5. Anonymous1:32 PM

    I would love to see someone with the guts commit to attempting the opposite strategy: investing heavily in the newspaper to re-invigorate reader and advertiser interest.

    Maybe one of the larger chains could try it with one of their smaller properties, for a period of 3-5 years, and see if it works. Commit to a margin of 5% or so on that particular newspaper. I would think that it would be worth a shot.

    Because what the industry is doing now, slashing news budgets to match ad revenue, clearly is not even keeping existing newspaper readers interested. Why not try experiment with a different strategy?

    - Joe

  6. Joe,

    Yeah, I'd love to see that too but there's a fundamental problem there.

    Look, if you went out and bought something - a computer say - you probably had an expectation that it'll perform at a certain level. If it fails to perform, you'll be pissed right? You'll take it back and complain.

    Well we have public investors who purchased stock with a certain expectation.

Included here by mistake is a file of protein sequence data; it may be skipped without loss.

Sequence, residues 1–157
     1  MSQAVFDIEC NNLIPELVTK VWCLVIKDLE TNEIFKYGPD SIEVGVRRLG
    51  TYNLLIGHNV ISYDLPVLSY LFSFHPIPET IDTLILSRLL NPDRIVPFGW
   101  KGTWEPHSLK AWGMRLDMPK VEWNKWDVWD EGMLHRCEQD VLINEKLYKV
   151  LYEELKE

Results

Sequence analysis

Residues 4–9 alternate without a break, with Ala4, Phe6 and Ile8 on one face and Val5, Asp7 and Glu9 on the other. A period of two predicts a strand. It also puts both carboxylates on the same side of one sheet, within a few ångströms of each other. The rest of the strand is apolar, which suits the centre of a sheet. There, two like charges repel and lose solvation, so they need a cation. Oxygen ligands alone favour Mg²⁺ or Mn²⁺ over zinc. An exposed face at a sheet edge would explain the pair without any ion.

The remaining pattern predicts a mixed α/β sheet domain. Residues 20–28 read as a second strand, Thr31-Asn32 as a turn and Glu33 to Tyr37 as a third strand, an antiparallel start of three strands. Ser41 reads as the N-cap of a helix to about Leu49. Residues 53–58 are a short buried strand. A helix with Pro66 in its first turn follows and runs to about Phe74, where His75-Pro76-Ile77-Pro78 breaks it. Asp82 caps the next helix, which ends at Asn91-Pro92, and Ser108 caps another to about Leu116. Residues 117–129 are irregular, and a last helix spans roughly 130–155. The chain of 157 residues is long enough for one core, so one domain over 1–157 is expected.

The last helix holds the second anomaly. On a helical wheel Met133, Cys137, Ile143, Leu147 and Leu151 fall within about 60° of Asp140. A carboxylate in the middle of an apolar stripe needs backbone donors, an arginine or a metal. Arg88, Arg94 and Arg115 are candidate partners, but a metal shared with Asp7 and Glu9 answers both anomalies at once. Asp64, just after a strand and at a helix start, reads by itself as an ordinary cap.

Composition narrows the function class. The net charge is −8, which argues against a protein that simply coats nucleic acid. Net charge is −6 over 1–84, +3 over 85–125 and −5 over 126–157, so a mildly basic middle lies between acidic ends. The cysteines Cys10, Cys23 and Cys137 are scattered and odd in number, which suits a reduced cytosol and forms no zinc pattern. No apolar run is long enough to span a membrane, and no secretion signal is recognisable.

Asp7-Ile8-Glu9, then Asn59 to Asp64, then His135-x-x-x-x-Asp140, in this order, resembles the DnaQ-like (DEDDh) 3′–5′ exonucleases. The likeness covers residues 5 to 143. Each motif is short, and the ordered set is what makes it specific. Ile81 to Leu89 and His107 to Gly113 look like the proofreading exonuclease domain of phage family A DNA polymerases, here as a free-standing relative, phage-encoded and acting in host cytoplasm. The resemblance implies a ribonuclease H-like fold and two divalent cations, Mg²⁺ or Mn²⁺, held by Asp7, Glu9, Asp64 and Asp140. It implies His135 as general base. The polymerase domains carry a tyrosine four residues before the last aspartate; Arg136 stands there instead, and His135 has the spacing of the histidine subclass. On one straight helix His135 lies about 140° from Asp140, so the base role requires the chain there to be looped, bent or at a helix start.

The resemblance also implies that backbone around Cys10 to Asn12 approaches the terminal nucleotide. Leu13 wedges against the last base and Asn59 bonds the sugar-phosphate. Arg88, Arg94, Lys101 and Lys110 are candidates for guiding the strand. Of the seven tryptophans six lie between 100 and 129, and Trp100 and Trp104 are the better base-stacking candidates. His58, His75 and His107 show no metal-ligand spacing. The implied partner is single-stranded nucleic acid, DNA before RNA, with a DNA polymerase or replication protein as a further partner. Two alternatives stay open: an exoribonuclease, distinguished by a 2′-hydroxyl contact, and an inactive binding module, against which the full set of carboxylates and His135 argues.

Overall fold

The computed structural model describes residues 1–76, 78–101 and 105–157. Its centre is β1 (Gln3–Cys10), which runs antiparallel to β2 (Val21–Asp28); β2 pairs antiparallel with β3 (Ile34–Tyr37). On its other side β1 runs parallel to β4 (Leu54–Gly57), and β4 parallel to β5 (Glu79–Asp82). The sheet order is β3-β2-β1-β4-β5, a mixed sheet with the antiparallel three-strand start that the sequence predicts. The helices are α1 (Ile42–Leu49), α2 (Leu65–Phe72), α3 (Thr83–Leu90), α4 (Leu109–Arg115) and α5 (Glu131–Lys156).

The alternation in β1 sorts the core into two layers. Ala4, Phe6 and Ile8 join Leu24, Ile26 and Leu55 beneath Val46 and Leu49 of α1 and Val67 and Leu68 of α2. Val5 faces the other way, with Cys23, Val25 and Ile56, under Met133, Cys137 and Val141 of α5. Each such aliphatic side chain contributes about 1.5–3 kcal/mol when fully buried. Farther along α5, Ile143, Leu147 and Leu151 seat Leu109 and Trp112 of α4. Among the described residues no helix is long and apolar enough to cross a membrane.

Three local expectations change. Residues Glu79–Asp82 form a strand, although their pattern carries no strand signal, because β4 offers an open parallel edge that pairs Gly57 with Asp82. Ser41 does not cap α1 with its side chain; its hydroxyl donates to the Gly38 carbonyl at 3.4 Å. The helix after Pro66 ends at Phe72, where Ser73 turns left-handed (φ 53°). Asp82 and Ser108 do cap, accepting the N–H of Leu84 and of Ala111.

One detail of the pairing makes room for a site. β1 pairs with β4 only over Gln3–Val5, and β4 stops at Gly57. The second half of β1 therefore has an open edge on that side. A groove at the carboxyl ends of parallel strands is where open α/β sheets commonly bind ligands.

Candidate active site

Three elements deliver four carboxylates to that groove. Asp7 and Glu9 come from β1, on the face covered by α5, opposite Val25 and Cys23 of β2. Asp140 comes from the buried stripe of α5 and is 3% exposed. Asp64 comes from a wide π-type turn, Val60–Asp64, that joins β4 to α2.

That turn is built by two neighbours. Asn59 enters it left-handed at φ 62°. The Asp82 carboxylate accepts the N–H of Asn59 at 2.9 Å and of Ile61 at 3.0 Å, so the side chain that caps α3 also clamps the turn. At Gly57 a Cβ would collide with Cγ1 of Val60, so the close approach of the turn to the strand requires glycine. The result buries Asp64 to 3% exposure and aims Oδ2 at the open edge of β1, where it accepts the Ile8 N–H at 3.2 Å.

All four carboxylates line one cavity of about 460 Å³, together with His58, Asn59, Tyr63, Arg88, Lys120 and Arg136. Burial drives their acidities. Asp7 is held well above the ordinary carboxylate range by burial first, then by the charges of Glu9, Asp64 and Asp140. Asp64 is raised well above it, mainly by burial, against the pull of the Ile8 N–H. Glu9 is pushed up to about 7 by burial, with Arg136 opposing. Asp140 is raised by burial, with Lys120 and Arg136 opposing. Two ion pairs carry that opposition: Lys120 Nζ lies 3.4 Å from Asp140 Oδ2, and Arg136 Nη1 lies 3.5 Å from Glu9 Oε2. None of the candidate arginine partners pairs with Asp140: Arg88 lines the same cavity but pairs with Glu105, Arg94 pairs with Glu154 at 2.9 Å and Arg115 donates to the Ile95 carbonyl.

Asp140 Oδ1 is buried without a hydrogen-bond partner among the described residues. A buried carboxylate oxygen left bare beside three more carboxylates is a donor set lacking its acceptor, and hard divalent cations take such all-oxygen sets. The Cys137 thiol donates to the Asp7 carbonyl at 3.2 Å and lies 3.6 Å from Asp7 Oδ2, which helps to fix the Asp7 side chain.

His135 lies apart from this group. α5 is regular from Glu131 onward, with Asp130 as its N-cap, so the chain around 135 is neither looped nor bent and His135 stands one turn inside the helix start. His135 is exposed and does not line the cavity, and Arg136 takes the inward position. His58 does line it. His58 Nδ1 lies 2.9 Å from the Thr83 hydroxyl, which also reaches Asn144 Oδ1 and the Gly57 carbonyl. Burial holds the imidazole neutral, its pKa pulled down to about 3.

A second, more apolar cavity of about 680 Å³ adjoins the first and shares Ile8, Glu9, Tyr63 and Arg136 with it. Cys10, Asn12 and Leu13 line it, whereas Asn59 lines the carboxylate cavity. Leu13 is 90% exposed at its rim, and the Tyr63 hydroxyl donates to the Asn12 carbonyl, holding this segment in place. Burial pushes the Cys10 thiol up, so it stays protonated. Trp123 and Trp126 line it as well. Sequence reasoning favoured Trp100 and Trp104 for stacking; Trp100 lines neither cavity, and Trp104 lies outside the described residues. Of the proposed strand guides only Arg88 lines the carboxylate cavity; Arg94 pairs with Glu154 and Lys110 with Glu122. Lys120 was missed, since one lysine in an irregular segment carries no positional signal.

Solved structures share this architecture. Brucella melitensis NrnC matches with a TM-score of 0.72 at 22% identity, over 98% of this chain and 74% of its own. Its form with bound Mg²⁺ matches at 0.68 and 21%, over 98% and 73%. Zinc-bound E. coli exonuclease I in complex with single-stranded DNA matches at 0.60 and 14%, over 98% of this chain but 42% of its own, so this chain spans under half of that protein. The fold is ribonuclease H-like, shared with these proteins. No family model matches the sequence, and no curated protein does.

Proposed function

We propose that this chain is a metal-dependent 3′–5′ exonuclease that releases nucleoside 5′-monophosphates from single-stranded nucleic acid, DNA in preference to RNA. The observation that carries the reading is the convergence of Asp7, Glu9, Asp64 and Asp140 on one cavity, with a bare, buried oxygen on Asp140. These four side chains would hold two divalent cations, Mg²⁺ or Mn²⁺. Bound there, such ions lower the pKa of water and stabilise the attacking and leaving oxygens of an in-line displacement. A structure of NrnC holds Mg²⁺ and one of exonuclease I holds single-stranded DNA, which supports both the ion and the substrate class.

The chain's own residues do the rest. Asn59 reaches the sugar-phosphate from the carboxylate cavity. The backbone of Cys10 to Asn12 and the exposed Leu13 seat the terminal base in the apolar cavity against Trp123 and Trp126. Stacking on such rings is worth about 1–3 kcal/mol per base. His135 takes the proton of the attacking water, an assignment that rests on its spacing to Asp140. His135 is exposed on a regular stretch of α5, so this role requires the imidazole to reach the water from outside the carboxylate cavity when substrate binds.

Imagine if Apple announced that they'll be dropping the iPhone's memory from 4 GB to 1 GB in the next update to make the phone "work better" or retroactively disabling the wireless bits or something. Think iPhone users would be a little miffed? Think they might, I don't know, sue?

    We can't just flick a switch and suddenly operate at 5%. Don't think I wouldn't love it if we could. Yes, it's a shitty position to be in. Yes, the margins once enjoyed by newspapers are a thing of the past, but that doesn't absolve us of the responsibility.

    Now, if you want to talk about how we got into this mess in the first place, and address the root causes of arrogance, shortsightedness and operational timidness then I'm all ears.


  7. Anonymous10:39 AM


    Valid points, but you are confusing the roles of the investor and the consumer in your iPhone analogy.

    Investors purchase the stock with an expectation the company will be managed to maximize its value. Consumers buy the product because it ads some value to their life. So, investors want to see the company operated in a way that increases consumption of the product. That's exactly the goal of my "5% experiment," to see if a different strategy would increase consumption.

    Besides, a large chain operating one of their smaller papers at a smaller margin for a set period of time wouldn't make a huge dent in the overall margin. And the experiment would be totally justifiable to shareholders, because it has the potential to boost margin (in the long-term) throughout the company.

    Frankly, discussing the root causes of how we got into this mess (and I agree with your points) won't do much good, now that we are already here. We need to discuss how to get out of it.

    - Joe